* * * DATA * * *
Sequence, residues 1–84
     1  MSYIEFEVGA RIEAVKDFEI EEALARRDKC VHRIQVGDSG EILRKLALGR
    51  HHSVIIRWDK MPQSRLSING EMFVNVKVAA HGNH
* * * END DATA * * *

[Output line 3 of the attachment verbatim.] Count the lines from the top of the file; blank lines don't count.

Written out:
    51  HHSVIIRWDK MPQSRLSING EMFVNVKVAA HGNH